The fourth and final factor was, as so often in classical battle, the influence of the poetry of Homer. A feeling always remained that sophisticated siege techniques, in contrast to open battle, were somehow unfair, not a true proof of courage and manhood which, of course, were really the same thing! It is probably no accident that the first Greeks that we hear of using mechanai against walls were the Athenians in bc.

Military force based around a fleet made logistics easier it was always easier to move bulk goods by water than by land. Thucydides puts a famous funeral speech for the Athenians who died in the first year of the Peloponnesian War into the mouth of Pericles 2. On one level it mourned the dead; on another it regularized war casualties and may to some extent have readied the Athenians for more of the same.

The most significant innovation in siege technology that occurred between bc and ad was part of the process that removed the gap between the classical cultures and the Near Eastern ones in what are sometimes called poliorcetic endeavors. Sometime around bc, probably at the court of Dionysius I, the Greek tyrant of Syracuse in Sicily, artillery was invented.


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The next step probably was made some 50 years later at the court of Philip II, king of Macedon, the father of Alexander the Great. In essence the same basic type of torsion artillery could be designed to shoot arrows or stones. It is no surprise that the two steps forward most likely happened at the courts of expansionist monarchs. Dionysius and Philip had the wealth to attract the innovative engineers to design the weapons and the manpower to make and utilize them. The first manuals designed as guides to siege warfare appear in the fourth century bc.

The Romans were forced to become sophisticated in sieges in the course of the First Punic War — bc as they struggled with Carthage for control over the island of Sicily. Although arranged on an ad hoc basis by individual generals, they retained this ability throughout the rest of the republic. As part of his complete reorganization of the armed forces, the first emperor, Augustus 31 bc—ad 14 , ordered that each now permanent and professional legion should have its own engineers and artillery.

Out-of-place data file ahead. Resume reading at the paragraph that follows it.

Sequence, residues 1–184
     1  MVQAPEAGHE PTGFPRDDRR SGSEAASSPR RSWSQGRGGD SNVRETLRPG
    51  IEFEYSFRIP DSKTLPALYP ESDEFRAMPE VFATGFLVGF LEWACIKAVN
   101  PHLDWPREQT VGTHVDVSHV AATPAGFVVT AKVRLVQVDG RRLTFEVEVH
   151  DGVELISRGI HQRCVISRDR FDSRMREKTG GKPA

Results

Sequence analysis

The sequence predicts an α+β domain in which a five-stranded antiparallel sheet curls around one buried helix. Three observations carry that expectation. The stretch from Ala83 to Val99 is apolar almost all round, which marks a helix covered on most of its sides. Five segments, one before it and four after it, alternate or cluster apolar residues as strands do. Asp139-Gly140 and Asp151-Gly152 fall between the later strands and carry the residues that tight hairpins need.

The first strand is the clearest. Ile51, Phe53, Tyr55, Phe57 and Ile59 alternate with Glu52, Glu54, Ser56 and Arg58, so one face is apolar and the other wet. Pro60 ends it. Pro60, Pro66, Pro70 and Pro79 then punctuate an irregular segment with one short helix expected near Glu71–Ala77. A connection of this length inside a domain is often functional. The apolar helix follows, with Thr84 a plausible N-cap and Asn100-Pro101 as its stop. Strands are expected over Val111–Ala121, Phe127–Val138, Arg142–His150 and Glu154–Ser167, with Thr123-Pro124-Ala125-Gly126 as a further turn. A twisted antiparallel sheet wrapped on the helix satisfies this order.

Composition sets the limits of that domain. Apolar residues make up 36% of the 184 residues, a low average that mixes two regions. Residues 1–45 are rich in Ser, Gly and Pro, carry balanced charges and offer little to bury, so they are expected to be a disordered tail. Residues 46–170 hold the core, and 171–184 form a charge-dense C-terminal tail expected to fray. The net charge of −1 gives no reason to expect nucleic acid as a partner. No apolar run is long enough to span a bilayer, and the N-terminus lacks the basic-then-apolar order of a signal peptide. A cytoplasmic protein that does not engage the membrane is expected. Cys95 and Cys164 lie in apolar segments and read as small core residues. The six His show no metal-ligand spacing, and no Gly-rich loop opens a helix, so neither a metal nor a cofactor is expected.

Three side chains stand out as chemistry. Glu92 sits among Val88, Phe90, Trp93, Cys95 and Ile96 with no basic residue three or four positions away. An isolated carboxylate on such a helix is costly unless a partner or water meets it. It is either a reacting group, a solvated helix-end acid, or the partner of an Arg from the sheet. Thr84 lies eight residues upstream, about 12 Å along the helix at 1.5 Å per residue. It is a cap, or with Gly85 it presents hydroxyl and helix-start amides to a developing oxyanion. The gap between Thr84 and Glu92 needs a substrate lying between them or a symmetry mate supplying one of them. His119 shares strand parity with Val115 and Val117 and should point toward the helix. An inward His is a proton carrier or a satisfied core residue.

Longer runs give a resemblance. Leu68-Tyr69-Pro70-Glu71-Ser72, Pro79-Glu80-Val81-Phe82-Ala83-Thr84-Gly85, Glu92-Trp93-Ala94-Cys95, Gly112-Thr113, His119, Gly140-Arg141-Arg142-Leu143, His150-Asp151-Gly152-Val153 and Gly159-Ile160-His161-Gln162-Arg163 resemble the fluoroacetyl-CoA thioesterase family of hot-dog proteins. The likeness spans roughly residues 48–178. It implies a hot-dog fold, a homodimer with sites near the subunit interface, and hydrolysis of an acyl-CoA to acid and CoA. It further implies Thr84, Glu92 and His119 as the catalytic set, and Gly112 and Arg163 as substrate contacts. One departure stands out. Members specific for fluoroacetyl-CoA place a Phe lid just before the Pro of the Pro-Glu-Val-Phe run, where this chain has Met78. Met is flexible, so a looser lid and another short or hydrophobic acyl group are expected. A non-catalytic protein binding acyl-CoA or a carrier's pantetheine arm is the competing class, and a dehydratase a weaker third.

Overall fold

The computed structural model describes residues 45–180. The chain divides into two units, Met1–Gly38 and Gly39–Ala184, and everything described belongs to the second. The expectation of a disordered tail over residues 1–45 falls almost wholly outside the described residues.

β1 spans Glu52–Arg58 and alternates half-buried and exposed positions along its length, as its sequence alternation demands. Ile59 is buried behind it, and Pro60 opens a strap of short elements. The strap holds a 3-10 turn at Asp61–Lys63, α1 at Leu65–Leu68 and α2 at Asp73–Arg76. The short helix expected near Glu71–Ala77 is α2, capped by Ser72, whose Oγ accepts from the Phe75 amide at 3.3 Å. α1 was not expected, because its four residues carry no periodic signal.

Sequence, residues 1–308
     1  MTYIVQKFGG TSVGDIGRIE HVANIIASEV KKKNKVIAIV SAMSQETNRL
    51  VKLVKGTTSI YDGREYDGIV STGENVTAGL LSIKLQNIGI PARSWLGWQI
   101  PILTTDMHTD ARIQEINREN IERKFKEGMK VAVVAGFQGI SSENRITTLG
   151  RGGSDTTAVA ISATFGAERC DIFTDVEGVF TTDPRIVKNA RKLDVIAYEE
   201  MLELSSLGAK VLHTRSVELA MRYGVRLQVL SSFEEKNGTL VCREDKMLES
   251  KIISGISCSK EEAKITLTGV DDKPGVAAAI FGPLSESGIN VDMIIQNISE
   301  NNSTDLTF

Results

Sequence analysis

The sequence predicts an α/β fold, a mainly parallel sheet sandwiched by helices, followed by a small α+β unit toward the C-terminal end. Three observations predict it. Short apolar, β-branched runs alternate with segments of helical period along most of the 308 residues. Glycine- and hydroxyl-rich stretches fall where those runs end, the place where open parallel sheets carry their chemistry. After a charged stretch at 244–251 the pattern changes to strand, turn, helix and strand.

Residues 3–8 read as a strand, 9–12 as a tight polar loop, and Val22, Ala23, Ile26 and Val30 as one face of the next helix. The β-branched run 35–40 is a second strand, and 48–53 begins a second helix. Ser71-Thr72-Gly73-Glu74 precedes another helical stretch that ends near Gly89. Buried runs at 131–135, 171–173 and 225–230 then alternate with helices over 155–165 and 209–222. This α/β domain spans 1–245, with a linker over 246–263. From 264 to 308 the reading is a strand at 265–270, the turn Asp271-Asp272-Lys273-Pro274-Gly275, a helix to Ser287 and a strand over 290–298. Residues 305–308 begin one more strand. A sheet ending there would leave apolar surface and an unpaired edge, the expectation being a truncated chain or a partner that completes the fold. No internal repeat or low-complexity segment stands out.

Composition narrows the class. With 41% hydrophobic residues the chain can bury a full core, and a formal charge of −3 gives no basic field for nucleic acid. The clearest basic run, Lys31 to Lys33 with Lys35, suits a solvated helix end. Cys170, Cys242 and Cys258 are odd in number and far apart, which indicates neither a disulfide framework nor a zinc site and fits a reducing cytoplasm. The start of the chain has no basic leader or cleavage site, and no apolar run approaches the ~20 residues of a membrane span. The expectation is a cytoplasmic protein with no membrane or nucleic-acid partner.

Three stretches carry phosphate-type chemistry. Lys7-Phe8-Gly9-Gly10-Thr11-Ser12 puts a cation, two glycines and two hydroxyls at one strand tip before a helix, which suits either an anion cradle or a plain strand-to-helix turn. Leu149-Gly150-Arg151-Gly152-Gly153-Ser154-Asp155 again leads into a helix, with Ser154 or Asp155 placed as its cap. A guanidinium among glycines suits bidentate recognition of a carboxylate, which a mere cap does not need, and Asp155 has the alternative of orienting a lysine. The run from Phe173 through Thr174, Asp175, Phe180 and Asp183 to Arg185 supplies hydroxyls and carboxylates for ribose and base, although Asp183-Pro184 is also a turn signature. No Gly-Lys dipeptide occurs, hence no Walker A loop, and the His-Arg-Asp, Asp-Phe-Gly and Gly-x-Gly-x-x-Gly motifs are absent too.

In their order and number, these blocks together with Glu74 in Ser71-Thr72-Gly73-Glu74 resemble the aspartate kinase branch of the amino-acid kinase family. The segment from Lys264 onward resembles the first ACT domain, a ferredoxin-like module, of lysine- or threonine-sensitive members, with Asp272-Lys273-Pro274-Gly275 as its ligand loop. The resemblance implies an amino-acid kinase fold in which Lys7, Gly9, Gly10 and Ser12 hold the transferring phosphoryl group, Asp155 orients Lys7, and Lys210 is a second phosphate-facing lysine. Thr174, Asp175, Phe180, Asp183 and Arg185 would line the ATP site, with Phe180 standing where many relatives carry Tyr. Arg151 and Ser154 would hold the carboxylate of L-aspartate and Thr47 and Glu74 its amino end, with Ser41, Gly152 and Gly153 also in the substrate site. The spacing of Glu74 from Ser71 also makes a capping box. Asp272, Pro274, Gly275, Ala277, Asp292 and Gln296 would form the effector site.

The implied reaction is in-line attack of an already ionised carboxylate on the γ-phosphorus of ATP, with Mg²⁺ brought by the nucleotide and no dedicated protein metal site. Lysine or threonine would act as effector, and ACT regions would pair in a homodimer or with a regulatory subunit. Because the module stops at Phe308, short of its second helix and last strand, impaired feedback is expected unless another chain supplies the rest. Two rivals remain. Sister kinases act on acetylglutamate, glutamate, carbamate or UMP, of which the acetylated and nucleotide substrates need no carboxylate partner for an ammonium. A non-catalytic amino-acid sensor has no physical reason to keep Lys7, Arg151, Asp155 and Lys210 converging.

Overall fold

This system lasted until Constantine the Great ad — rearranged Rome's forces. Henceforth, although supplemented by local manufacture where needed, artillery was intended to be provided by specialist state factories and may have been primarily employed by specialist artillery legions. While there is truth in this, some classical habits of mind make it hard to decide how much.

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Conversely, the deeply engrained ideology that barbarians were stupid, irrational, and incapable of change encouraged historians to ignore any advances, technological or otherwise, made by other cultures, and thus to write any real barbarian siege engines out of history. Modern scholars seem to stress the first of these literary trends while seldom mentioning the second. In the late empire barbarians took lots of Roman towns. This is usually explained in a variety of ways.

The towns were taken by surprise, trickery, or treachery or they were starved out.

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They were not defended. They did not really fall, only the suburbs being sacked. Barbarian siege weapons beyond simple rams and ladders, if they are not dismissed as a classicizing fantasy, are seen as occasionally being built by Roman deserters and then inefficiently used by their barbarian owners. This overlooks certain things. Odd as it seems to us, there were always Roman deserters, some even into besieged Jerusalem in ad Josephus says that the Jews at Jerusalem were unskilled at first but that practice made them proficient. On ease of use of artillery see Elton : n.